I am serving as a consular officer while I’m in Mexico, which means that I’m adjudicating visa applications. I have worked in both the non-immigrant visa (NIV) and the immigrant visa (IV) sections since getting here. Non-immigrant visas are visas for people who will not be immigrating and will leave the US after a certain time. Tourist visas, student visas, and work visas with a limited validity are all NIVs. IVs are visas that allow the person to take up residency in the US after the visa is approved and to stay indefinitely as long as they don’t do something to have their residency revoked. IVs include family members of US citizens or permanent residents and employment visas that allow the person to continue to work in the US indefinitely.
NIV and IV applications start with different assumptions. For most catagories of NIVs, the law stipulates that it is assumed that the applicant is an intending immigrant unless they convince the consular officer otherwise by demonstrating strong ties to their home country and possibly by showing that they’ve had previous visas and have not misused them. In IVs, the required documentation has been reviewed and approved by US Citizenship and Immigration Services (USCIS) before it gets to us and it is assumed that the applicant is eligible for the visa unless the consular officer finds that the applicant has committed some sort of fraud and does not have the required family relationship or employment qualifications or that the applicant is otherwise ineligible for the visa due to any of the other visa ineligibilities (more on visa ineligibilities in the future, probably).
There are pros and cons to adjudicating both types of visas. In NIVs, the burden of proof is on the applicant and you can refuse a person under assumption that they’re an intending immigrant if you doubt their intent. For example, if someone claims to be an accountant but doesn’t know anything about what an accountant does and claims to make a salary much higher than an accountant would make here, they haven’t convinced the officer that they are who they say they are. If you can tell that the person is not being honest about their encounters with Customs and Border Patrol (CBP) or Immigration and Customs Enforcement (ICE), you can also refuse them because they haven’t convinced the officer that they’re being truthful about possible ineligibilities or other things on their application. Also, there’s not much paperwork involved, so you’re expected to move through those cases a lot faster which can be draining.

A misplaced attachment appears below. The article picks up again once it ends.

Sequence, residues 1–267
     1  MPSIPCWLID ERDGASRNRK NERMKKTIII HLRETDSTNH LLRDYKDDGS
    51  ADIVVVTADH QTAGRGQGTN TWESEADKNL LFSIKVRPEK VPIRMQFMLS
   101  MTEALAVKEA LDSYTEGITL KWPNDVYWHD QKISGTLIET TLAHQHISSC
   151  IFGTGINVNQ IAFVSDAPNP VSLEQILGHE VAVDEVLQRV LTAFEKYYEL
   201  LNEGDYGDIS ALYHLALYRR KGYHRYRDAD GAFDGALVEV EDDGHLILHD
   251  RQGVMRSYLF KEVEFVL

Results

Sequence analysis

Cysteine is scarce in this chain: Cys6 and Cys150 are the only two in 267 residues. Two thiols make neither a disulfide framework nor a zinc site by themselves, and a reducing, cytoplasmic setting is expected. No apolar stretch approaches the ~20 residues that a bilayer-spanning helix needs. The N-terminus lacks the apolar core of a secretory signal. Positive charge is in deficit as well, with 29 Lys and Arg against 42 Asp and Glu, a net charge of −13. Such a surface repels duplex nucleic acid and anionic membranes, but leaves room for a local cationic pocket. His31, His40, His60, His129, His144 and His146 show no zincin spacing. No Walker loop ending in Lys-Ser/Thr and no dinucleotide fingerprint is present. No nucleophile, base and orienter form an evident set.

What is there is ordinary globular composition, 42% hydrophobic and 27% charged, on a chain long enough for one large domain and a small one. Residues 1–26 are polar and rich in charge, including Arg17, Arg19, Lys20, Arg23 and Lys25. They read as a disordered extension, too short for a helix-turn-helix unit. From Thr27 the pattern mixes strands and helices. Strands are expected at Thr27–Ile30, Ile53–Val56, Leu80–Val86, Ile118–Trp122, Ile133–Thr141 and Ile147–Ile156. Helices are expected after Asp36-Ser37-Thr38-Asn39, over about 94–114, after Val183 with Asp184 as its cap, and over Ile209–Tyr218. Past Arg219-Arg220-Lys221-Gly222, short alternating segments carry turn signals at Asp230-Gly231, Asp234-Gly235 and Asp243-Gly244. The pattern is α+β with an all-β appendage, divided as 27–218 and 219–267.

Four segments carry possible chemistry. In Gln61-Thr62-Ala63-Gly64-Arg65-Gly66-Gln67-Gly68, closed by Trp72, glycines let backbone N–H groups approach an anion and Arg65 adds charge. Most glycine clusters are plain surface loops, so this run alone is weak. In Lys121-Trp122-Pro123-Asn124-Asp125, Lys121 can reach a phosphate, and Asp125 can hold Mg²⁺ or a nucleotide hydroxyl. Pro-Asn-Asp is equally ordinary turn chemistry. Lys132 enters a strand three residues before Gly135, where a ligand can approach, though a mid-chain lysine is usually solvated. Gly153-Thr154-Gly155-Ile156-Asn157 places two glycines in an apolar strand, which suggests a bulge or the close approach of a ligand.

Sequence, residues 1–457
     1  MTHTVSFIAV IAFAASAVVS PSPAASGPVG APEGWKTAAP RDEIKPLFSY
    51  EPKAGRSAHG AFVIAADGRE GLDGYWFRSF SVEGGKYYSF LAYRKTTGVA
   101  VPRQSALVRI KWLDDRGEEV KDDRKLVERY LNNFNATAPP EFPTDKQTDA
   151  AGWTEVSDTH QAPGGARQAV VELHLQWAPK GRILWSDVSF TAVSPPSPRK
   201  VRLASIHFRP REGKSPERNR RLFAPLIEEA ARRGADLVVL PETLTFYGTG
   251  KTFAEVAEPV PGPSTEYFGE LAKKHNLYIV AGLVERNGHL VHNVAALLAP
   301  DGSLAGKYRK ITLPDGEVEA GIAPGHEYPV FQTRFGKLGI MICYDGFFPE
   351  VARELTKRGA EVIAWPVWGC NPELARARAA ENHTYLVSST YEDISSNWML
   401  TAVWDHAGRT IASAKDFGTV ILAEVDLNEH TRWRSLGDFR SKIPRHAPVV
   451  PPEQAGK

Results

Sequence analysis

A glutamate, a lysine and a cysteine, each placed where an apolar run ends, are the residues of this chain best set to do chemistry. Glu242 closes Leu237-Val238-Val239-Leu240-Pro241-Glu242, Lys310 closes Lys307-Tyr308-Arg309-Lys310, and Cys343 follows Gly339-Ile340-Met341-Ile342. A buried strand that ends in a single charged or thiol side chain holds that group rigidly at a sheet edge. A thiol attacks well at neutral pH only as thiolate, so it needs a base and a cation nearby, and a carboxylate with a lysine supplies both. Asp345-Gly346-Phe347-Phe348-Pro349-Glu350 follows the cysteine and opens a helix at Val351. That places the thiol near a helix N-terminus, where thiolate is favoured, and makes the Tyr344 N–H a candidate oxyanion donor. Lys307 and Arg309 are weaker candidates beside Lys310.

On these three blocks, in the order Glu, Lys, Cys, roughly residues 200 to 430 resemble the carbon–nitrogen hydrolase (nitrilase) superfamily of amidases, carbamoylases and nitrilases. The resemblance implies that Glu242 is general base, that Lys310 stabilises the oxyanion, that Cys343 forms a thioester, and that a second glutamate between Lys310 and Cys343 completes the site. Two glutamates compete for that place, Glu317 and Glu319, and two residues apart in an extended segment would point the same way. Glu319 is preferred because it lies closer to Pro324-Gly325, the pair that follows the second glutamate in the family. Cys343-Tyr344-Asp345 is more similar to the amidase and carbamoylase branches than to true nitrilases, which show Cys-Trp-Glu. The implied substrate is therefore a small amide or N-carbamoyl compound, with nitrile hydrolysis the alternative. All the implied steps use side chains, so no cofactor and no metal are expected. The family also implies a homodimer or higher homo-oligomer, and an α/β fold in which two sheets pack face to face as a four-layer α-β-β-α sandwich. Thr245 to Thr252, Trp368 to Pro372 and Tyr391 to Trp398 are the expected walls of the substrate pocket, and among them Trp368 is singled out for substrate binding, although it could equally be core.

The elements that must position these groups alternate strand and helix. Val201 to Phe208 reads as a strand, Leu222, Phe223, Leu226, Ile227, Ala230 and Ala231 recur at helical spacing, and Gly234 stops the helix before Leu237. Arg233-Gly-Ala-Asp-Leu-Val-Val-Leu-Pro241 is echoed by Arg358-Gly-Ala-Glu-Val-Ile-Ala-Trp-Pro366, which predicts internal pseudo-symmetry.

In IVs, you have to review all of the paperwork they’ve submitted to USCIS and resolve any possible ineligibilities. So, you see fewer people in a day but spend a lot more time with the cases and can’t just refuse someone because the story doesn’t add up. So, if you can tell that the person has entered the US illegally multiple times, but they refuse to admit it, you can spend a lot of time going in circles with them about what exactly happened before finally determining which, if any, ineligibilities apply in their case. IVs can be more frustrating than NIVs when you have to spend a lot of time trying to get the truth out of an applicant or find that someone’s permanently ineligible for something minor that happened a long time ago but they can also be a lot more rewarding when you adjudicate a visa that reunites someone with their family or allows a young child the opportunity to have a brighter future in the US than they likely would have in their home country.
So, that’s how I spend my days at work.